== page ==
That's it's name. It's not fancy.
upon a spruce grouse sitting on a tree branch. It just sat there and let us take pictures and talk about it. Usually they are in a group so Jeremy wasn't sure why this one was alone but it was very accommodating of us. And one woodpecker who should have been long gone by now. He apparently did not get the memo!
One of the couples on the hike started talking with him about hunting so then that took up a lot of the hike. He hunts pretty much everything in this area and had some interesting stories. A lot of the hunting is for meat and also conservation to keep populations in check. So a hike with a variety of topics covered. I think it was a good way to get more information on the area and also hike somewhere I wouldn't have picked to hike.
Once back to the hotel, I ate lunch and then took the shuttle to the park as I didn't want to waste the afternoon. I decided to do the Horseshoe Lake trail as the timing was not right to get the shuttle out to Savage River. The Horseshoe Lake trail is
a 2 mile moderate loop and it was worth the up and down hill sections. This trail goes through forest before it comes out at the Nenana River, which is glacier fed. That's easy to tell because the water is grey and cloudy due to all the silt. It then winds back into the forest to the lake. Here there are beaver dams in several places and a few lodges. Unfortunately none of the inhabitants were out here either. The water in the lake is very clear (it's not coming from a glacier) and it's a beautiful spot. I wish a beaver or two had been out swimming around or working on the trees. I guess today was not a day for wildlife. The trail then loops back around and uphill back to the trailhead.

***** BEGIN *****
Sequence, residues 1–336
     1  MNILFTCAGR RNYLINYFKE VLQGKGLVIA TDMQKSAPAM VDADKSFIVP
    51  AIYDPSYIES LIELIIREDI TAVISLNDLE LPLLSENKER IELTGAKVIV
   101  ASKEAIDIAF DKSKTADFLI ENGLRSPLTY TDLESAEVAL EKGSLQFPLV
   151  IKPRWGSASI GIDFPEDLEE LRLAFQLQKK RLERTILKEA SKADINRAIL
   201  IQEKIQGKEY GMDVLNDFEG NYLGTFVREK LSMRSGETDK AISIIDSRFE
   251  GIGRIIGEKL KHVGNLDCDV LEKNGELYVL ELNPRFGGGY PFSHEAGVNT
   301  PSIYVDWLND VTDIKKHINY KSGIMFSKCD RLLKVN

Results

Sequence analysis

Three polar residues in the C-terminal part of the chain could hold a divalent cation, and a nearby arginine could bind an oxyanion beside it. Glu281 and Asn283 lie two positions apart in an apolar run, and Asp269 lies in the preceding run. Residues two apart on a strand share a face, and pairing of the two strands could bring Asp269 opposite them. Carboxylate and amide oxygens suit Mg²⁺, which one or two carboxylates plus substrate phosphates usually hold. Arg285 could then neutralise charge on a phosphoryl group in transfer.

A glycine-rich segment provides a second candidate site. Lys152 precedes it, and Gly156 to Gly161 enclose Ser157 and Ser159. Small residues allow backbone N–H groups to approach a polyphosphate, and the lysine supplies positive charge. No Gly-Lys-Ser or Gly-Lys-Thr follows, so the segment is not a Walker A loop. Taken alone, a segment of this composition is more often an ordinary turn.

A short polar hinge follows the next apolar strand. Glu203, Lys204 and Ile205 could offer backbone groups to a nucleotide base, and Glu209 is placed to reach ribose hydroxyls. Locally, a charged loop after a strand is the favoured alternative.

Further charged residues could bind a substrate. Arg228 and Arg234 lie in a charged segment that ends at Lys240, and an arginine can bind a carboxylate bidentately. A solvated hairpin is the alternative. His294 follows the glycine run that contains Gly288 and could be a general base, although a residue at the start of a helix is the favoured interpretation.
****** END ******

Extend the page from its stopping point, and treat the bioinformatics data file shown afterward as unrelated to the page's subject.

I walked back to the visitor center area to wait for the next shuttle back. Last night's dinner wasn't that great at the lodge so I decided to take a shuttle to Healy to the 49th State Brewery. This was a wise choice. I had the halibut n chips and it was delicious. Probably the best food I had in Denali. If I had
Along Horseshoe Lake Trail
been here a week earlier I would have had more options near the lodge but such is life.
Tomorrow I have a 7:15 bus back to Anchorage where I will kill some time before my 10 PM flight home.
Some notes on the Denali Bluffs Hotel. It's in a good location to get to the park and has a shuttle that loops between it, the sister resort up the hill, the park visitor center and the gas station in town. So it's easy to get around without a car. The food at the restaurant is not the best, but the box lunch option is good if you need it. The wi-fi comes and goes, like every single place I have stayed on this trip. The negative is the walls are super thin. It's like the people next to and above you are in your room. You can hear everything, even in the bathroom. The people above were walking back and forth for about a half hour one night and every step sounded like they were stomping. Ear plugs came in handy at that point.